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Posts Tagged ‘Accounting systems’

Okay, so let’s dispel that myth right away: No, a robot won’t be your accountant.  At least not any time soon.  But robot-like accounting technology is doing a lot of the grunt work accountants do, particularly in some very large and far-flung operations, according to a recent report in the Wall Street Journal (8-15-17).

Companies like Duke Energy, Red Hat and Dun & Bradstreet are using advanced technologies to close their books faster than ever before.  In fact, PricewaterhouseCoopers states that it now takes companies just 4-1/2 days to close their books each quarter, down from 6 days in 2009.  Companies that close their books faster, of course, have results in hand sooner, and that helps in making better decisions faster and staying nimble.

Among the most helpful advances have been technologies that accelerate the book-closing process.  Companies are increasingly automating closes and reducing manual activities, as they use their accounting systems to collect ever more transactional data for management reporting on things like cost of goods sold, revenue, shipments and other key performance indicators.

At D&B, the CFO notes that “the lure of cost savings has prompted investments in robotics and automation technology that accelerate the quarterly reporting process.”  D&B closes its books now in four days despite operating across over 200 countries.  Their teams are already testing potential applications for robotic process automation in finance.

Increasingly, companies are utilizing more widely distributed and more powerful accounting systems, tracking and capturing more categories of revenues and expenses than ever before, in the effort to save time, reduce costs, report more quickly and gain a competitive advantage by managing more of this data-capture via automated information systems.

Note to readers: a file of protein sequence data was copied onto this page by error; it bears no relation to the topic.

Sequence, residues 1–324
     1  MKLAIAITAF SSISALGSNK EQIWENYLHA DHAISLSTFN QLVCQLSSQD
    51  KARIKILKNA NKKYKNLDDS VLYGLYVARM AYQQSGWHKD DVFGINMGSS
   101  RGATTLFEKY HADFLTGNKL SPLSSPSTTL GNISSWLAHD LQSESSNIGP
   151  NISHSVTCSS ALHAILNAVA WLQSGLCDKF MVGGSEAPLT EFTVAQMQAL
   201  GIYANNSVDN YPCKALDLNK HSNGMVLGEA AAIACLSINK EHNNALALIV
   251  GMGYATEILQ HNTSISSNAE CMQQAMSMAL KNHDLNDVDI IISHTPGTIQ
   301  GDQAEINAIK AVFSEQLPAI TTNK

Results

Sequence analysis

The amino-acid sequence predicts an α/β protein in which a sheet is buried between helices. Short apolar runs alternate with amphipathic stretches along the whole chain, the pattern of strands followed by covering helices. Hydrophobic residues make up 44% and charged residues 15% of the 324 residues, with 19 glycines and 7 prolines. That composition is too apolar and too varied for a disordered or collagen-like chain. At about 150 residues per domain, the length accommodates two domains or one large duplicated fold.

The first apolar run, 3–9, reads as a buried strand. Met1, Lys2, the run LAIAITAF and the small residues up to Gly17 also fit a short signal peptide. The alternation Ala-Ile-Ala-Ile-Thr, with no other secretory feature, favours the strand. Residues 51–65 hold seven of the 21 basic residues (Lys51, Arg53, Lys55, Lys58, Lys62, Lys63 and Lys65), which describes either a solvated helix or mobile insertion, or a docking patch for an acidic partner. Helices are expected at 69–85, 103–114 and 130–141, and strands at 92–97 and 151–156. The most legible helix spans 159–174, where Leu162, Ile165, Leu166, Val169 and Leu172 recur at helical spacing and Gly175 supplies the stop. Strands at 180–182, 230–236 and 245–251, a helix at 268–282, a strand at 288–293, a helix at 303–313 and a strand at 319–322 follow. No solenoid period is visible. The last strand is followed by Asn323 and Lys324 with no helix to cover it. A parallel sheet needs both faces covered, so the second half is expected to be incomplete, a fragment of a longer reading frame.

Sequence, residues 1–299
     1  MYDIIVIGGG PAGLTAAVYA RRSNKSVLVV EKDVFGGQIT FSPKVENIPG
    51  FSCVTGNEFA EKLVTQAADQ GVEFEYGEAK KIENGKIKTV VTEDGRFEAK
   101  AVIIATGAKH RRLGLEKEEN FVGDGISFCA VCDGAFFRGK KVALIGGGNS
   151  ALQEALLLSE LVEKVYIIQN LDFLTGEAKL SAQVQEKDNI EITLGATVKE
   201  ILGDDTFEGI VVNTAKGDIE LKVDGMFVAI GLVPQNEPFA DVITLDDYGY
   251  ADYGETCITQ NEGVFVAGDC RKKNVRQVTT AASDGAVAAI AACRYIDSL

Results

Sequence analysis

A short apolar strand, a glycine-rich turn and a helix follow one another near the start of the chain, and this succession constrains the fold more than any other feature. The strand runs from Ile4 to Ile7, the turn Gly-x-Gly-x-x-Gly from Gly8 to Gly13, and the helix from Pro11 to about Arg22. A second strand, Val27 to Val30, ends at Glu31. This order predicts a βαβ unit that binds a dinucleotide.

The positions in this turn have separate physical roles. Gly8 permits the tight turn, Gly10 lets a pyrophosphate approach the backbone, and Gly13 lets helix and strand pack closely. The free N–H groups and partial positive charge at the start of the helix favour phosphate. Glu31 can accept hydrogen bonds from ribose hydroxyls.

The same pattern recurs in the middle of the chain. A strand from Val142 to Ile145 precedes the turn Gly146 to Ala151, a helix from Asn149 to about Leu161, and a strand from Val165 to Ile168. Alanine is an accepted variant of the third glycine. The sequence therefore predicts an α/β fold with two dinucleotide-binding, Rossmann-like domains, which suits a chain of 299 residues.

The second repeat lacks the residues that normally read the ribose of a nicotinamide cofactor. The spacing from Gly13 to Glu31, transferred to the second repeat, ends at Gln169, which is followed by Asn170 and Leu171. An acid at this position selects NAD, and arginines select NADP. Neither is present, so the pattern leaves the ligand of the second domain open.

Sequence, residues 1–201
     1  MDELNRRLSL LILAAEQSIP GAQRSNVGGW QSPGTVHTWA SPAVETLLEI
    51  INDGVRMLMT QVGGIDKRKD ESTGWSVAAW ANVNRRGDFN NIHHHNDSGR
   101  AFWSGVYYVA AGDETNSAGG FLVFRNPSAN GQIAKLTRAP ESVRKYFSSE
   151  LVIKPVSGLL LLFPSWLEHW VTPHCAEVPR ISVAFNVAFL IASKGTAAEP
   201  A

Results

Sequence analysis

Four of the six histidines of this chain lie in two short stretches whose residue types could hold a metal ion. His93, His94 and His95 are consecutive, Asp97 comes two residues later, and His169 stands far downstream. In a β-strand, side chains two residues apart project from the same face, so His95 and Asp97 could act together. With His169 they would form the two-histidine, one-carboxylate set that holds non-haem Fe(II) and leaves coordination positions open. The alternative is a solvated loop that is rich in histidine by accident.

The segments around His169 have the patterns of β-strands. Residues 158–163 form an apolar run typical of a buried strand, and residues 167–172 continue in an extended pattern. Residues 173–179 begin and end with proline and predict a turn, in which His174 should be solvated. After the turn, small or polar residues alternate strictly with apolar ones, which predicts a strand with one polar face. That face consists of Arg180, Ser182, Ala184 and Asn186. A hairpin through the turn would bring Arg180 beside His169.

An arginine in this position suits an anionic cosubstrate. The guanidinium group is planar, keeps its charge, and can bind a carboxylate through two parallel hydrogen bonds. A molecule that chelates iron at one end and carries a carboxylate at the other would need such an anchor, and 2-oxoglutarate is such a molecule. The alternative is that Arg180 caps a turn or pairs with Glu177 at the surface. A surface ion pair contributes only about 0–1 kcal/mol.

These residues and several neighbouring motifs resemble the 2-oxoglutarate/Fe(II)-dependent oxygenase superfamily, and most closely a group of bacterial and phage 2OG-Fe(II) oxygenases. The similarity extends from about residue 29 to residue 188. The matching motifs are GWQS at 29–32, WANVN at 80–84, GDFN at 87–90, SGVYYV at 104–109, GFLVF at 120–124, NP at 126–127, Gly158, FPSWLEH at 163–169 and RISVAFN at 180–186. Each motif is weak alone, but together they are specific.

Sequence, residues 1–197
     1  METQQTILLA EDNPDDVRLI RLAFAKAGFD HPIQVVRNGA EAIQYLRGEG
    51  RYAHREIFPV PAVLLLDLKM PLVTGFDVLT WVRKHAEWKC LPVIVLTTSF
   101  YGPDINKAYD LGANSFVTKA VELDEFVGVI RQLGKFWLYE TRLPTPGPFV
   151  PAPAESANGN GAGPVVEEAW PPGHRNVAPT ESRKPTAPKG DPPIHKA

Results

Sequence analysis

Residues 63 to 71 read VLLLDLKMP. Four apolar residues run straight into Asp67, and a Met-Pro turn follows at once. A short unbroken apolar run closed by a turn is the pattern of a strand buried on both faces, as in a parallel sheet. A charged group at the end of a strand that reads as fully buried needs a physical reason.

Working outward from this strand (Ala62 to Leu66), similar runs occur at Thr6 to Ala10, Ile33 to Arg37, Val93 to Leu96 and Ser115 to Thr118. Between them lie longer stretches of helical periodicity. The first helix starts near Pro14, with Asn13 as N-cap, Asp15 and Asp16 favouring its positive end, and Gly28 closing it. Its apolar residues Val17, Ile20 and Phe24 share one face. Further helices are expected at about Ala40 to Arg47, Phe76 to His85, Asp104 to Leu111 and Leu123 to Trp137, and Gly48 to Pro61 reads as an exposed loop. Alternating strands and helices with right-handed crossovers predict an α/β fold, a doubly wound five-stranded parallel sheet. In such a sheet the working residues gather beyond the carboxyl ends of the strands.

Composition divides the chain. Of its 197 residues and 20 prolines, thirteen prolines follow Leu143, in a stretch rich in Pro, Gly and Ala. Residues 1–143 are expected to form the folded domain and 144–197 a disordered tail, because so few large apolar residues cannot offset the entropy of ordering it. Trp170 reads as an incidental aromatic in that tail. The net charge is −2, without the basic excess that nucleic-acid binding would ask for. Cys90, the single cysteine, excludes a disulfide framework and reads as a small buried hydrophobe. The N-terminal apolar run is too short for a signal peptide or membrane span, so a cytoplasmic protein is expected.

Accounting reporting has historically been a low priority among companies who often do it on a shoestring.  But actionable reporting that can drive better decision making are a key reason to pay more attention to management reporting, and a reason more companies today are more fully utilizing their accounting systems to automate more, faster.

The fact that today’s modern accounting, MRP and ERP reporting systems can do this on a PC makes these benefits available today to virtually any company willing to make the investment to deploy and learn how to use them.

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In our prior post we began listing some of the red flags, incidents culled from real-life incidents as noted in a white paper from Tribridge, which hurt businesses in multiple ways.  As it turns out, there are a lot of them, so we’re adding a few more here to round out a two-part post.  The original document can be found here.

Continuing our list of issues we often see clients wrestle with – and waste TONS of time and money on – here are a few more that can be remedied by taking the plunge and finally updating that old, tired accounting system to one of today’s new offerings.